Political Affairs

Atiku on the march again, By Onyekachi Eke 

Barring any last minute change of plans, former Vice President of Nigeria and candidate of the Peoples Democratic Party (PDP), in the 2019 presidential election, Alhaji Atiku Abubakar, will on Wednesday, March 23, officially declare his intention to contest the 2023 presidential election. 

Although the former Vice President and some of his key support groups have been criss-crossing the nation in a bid to consult critical interests, socio-political blocks, opinion leaders and influencers within and outside the PDP, he is yet to make his 2023 ambition public officially.
Indications are that Atiku remains a formidable consensus choice of an overwhelming number of party faithful across board, especially from the South, irrespective of a pocket of opposition to his possible candidacy, within the party.

This critical support base insists that the former Vice President possesses the attributes of a unifier. They also said he is a remarkable wealth creator and  broad-minded leader that is at home with the ever changing socio-economic dynamics, which they reasoned would be an asset, should he become a president.
His coming declaration coincides with the timeline set by the PDP for the commencement of sales of 2023 elections nomination and expression of interest forms.

While not many would be surprised by Atiku’s decision to join the 2023 political fray, his declaration elicited a lot of interest and conversations around zoning and the delicate South/North political dichotomy ahead of the general election.

The ruling All Progressives Congress (APC), had earlier zoned its presidential position to the South and chairmanship of the party to the North.
The opposition PDP has remained seemingly in a dilemma as regards zoning. Some of its faithful from the northern part of the country, in demanding that the North produces the next president argued that, “it’s a fact that the Southern part of the nation had held sway for over 14  of the 16 years that the PDP had been in office since 1999 , through former Presidents Olusegun Obasanjo 8 years (1999 -2007) and Goodluck Jonathan, 6  years (2010 – 2015). While the North had only ruled for a little over two years under the late former President Umaru Yar’Adua,” who unfortunately died in office.

Also in recent months, there have been impassioned agitations within the PDP, in the South for the party to  decisively zone the position of the president to the South, essentially the South East, as PDP had already produced a national chairman from the North Central. 
But from all indications, the party appears to favour leaving the position open to all PDP members irrespective of geopolitical zones.
This approach,  according to those in the know in the PDP leadership, is not only expedient, giving the current political dynamics of challenging a ruling party in an election taunted to be very consequential, but will also provide a level playing ground for all PDP faithful, which the sources said is hinged on true principles of democracy.
For Atiku, there have also been noticeable sentiments against his presidential ambition, mostly from opposition within PDP from both southern and northern interests, in the past months, on account of his age and the fact that he had represented the party in the past without success.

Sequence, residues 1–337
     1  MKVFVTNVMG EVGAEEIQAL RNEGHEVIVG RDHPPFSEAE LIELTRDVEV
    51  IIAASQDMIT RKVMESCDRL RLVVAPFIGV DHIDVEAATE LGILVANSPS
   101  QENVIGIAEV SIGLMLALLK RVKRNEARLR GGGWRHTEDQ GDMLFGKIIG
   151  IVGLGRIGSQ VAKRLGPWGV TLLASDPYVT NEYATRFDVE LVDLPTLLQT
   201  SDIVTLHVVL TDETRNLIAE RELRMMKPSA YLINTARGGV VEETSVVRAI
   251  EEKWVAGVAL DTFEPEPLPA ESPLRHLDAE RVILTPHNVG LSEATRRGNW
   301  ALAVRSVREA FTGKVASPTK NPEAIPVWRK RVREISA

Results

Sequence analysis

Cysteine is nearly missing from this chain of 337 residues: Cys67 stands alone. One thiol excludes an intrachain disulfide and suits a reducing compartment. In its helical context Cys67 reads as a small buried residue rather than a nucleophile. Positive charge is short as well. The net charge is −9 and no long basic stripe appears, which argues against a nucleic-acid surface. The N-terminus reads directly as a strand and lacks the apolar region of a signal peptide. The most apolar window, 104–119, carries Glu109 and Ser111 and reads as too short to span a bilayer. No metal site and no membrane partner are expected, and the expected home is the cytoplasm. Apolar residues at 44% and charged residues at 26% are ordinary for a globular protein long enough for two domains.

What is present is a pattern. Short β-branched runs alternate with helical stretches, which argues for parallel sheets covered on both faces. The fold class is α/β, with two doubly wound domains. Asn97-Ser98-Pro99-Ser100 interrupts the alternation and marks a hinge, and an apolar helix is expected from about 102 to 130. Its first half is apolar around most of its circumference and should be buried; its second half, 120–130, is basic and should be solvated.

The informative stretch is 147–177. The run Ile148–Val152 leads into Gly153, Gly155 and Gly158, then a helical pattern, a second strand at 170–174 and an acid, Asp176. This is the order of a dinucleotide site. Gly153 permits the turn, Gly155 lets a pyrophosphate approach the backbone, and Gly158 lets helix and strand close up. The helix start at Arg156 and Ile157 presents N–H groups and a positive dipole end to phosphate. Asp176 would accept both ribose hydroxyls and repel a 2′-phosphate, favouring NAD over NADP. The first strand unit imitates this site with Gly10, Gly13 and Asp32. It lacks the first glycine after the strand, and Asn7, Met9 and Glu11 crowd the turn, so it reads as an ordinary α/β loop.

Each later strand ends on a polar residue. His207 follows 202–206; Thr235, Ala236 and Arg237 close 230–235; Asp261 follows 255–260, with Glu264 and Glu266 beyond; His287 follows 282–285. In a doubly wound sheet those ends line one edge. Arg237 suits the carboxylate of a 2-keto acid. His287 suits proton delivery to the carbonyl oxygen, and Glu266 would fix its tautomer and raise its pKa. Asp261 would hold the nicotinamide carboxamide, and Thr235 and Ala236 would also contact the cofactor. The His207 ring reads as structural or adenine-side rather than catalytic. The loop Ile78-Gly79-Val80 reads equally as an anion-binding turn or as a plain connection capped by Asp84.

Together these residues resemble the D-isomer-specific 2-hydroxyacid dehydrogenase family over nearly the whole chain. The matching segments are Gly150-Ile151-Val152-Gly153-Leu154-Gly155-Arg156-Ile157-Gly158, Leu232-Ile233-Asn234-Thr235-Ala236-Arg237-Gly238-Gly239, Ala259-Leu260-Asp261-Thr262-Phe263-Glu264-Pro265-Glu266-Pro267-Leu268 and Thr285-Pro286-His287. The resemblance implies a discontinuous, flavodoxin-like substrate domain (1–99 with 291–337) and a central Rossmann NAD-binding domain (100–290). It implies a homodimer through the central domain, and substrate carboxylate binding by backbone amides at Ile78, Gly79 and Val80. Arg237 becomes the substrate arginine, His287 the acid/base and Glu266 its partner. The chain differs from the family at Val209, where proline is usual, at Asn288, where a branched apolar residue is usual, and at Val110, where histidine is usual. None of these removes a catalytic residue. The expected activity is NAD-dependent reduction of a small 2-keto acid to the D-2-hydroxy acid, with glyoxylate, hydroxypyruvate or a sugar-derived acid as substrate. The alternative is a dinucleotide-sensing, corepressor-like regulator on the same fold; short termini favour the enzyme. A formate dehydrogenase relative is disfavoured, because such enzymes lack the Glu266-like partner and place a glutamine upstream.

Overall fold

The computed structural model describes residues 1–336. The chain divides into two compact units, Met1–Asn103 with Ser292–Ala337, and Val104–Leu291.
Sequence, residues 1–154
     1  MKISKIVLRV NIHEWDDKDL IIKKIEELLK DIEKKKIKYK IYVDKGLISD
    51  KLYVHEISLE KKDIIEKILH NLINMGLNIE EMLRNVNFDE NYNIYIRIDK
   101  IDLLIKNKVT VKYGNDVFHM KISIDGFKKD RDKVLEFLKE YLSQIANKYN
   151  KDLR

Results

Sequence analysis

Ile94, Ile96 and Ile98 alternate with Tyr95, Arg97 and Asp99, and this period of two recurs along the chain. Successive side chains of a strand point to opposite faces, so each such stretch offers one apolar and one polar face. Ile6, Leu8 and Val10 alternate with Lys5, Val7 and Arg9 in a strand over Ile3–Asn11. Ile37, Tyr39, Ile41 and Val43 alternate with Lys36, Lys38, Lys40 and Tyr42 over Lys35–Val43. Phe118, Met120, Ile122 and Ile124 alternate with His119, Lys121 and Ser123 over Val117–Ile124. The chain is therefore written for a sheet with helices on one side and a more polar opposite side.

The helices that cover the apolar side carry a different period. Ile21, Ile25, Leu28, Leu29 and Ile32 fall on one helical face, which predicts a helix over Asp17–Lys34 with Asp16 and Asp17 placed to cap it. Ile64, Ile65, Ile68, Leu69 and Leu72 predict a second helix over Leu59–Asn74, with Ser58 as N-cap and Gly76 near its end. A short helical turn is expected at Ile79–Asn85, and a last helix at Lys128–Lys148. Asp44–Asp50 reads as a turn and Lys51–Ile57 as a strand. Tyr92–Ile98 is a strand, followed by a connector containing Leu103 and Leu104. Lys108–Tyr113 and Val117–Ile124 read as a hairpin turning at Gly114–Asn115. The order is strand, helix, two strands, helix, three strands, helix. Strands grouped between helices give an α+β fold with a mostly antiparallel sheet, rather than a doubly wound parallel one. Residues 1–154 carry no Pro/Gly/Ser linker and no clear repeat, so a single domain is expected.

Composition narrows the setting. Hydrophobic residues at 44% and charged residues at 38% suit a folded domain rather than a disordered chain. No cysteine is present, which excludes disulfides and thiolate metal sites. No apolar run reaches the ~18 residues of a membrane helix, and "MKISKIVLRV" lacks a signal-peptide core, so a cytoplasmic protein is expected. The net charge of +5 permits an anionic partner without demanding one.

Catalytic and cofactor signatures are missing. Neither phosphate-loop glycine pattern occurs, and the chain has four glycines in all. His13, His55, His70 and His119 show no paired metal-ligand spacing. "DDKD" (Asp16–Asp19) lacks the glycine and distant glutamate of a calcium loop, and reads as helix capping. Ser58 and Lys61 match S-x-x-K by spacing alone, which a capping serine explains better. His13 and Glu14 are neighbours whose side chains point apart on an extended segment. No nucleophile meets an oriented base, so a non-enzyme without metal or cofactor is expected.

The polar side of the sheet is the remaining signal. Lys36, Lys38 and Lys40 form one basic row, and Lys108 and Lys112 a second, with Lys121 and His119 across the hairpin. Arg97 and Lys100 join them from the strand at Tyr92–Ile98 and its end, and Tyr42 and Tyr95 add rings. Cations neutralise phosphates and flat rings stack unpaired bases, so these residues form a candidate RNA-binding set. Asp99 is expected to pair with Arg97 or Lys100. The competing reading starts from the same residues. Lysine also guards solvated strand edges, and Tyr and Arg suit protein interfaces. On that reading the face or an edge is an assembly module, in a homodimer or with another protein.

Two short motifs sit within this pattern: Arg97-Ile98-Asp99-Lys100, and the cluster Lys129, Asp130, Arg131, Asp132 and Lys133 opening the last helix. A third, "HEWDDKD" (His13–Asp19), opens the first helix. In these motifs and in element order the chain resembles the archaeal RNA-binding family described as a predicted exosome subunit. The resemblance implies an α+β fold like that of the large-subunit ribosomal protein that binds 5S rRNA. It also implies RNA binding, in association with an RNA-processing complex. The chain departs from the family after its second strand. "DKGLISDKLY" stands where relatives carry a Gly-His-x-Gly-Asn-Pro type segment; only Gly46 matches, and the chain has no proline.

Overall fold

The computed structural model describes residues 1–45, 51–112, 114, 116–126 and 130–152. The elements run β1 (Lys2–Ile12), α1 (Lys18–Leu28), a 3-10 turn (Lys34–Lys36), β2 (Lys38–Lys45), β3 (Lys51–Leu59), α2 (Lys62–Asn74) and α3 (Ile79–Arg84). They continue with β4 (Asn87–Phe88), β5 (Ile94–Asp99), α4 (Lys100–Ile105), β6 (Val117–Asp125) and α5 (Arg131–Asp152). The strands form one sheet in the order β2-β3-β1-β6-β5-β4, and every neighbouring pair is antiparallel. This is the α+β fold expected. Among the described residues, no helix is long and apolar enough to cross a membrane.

The argument of this set of people is that he should give chances to others in the party to also take a shot at the top job.
But Atiku’s camp has always posited that none of his critics had curiously ever questioned his capacity to lead a 21st century Nigeria out of its current multi-faceted challenges, nor have they doubted his reach, human/material resource management skills, nor his ability to unify the nation.

Atiku’s main interest in the 2023 presidential race, according to a Senator from the South, who is an insider in his camp, “Is to join hands with other well-meaning Nigerians, who have watched  in  bewilderment, how the current government have turned the nation into a gravely disunited and horribly unsafe entity, which is a negation of our dream nation of a happy, united  and prosperous people.”

His message as he goes about his consultation, according to the source is simple: According to him, “It is disheartening for me to see the horrendous depth of  disunity and mutual distrust, along ethnic and religious lines, our nation has been sadly thrown into, through insensitive leadership of the past seven years of Buhari administration. Under its watch, the current insecurity in the North has degenerated into a disturbing monster that is dangerously intertwined with religion, which makes it increasingly more complicated. If I may be honest with you, leaving such complex security challenges in the hands of any of my brothers from the South to solve, would amount to inviting such a person into a field littered with landmines, on account of the delicate, complex religion intersection, I referenced earlier.”

Restructuring of the country, which would be one of the focal points of an Atiku presidency, according to the ranking lawmaker, would  most likely witness similar ethnic/religious misgivings, should a southerner tries to carry out such an agenda at this point of time that the nation is so polarized. So, what Atiku is asking for, in earnest, the source continued, is “not to wilfully take the turn of any of his brothers, among the PDP faithful from the South or  North, but for an opportunity to take on those chàllenges headlong, on behalf of the good people of Nigeria; and save the nation from further descent into the abyss of disunity, economic collapse and insecurity.”
Meanwhile, expectations are high, as Atiku is set to go on the march again.
Dr Onyekachi Eke, is a financial consultant and writes from Enugu

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